Never before has there been so much understanding and appreciation of the complex interconnections between business, society and the natural environment.
The continuing pandemic is certainly highlighting how difficult it is for many businesses to operate when society is under pressure from wider sustainability challenges.
Yet despite this growing awareness, concern and demand for action, many businesses and managers still struggle with fully grasping the urgency and importance of developing adequate strategic responses. And while the Paris Agreement finally provided some policy clarity on climate change, one year earlier, member states of the United Nations (UN) agreed to work collectively towards addressing 17 Sustainable Development Goals (SDGs) by 2030.
Since 2015, references to the UN's SDGs have been rising significantly and many companies have begun using them as an internationally-recognised framework that covers a well-defined set of sustainability issues.
The SDGs are not without their critics, not least due their voluntary nature, but many in business and policy are finding they provide a valuable starting point for discussion and action.
Perhaps surprisingly, guidance on how exactly businesses should go about approaching and integrating the SDGs remains rare or is primarily provided by consultancies and non-profits.
The following reads, therefore, hopefully offer a useful starting point for anyone seeking to familiarise themselves with the challenges, opportunities and approaches for implementing the SDGs in their organisation.
1 Ages of Sustainable Development
By Jeffrey Sachs (2015). Published by Columbia University Press.
Understanding why and how sustainable development matters is critical. Professor Sachs is an eminent scholar and policy advisor to the UN, and his work offers a comprehensive overview of the different issues and their importance for policy and business in the 21st century.
Knowledge of the interconnections between policy, science, economics, society, and technology are important for anyone seeking to make sense of an otherwise complex and ambiguous debate about the world we (want to) live in.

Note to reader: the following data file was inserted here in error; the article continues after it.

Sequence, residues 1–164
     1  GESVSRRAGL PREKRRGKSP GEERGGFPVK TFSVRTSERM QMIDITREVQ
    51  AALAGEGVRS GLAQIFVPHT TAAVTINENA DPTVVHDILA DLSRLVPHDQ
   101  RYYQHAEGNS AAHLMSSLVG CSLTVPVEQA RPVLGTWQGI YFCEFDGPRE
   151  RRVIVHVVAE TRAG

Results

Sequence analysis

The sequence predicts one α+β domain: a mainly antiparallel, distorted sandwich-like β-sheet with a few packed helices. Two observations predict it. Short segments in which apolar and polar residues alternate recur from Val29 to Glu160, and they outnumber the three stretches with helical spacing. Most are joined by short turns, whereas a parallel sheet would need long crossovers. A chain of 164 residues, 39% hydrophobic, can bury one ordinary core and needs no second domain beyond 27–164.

2 SDG Ambition – Scaling Business Impact for the Decade of Action
By UN Global Compact (2020). Published by UN Global Compact.
One of the fundamental trends currently occurring is that the need for addressing sustainability challenges is moving away from being a peripheral, functional Corporate Social Responsibility (CSR) issue and instead is now demanding high level attention from boards of directors and executives.
The UN Global Compact, working with many of the world’s largest businesses, is providing a clear set of arguments and overview to illustrate that both effective and efficient responses to sustainability can only be achieved through strategic integration.
Given the world’s pressing challenges, half-hearted efforts are likely to underperform, for the planet, society, and business.
3 The SDG Compass
By UN Global Compact (2015). Published by UN Global Compact.
Understanding how to approach the integration of the SDGs is fraught with complexity.
Who should lead and be responsible? What data and information are needed? What is the company actually trying to achieve? Should it seek to address all 17 SDGs?
The SDG Compass guide offers a simple and generic, but flexible, set of steps designed to help organisations think about their current approach towards sustainability.
It identifies the issues of key importance or materiality, and plans the necessary elements for effective and impactful implementation.
4 Winning Sustainable Strategies
By Jan van der Kaaij and Benoit Leleux (2019). Published by Palgrave Macmillan.
Mirroring the theme of approaching the SDGs strategically, Winning Sustainable Strategies develops a comprehensive overview of the variety of business imperatives demanding high-level attention.
At a time when the financial sector is rapidly beginning to demand significant new levels of Environmental, Social and Corporate Governance (ESG) data and information from companies, this book provides practical guidance that is based on relevant and informative case studies and examples.
5 Green Swans
By John Elkington (2020). Published by Fast Company Press.
Beyond the clear risks and concerns facing society and our planet, John Elkington, inventor of the triple bottom line - the framework that called for business to add environmental and social alongside financial targets - asks to what extent managers pay enough attention to the multitude of trends that are likely to disrupt their industries and business models.
With his take on Nassim Taleb's economically disastrous 'black swans', Elkington sets out the importance of approaching sustainability as a fundamental innovation challenge that will create both winners and losers.
While being able to predict the future remains an elusive goal, Elkington warns that managers must understand how the SDGs offer commercial and often exponential opportunities that will change the nature of business in the years to come.
Frederik Dahlmann is Associate Professor of Strategy and Sustainability and lectures on Creating Sustainable Organisations on the Distance Learning MBA plus Business & Sustainability on the Executive MBA and Executive MBA (London). He also teaches Business in Practice on the suite of MSc Business programmes.
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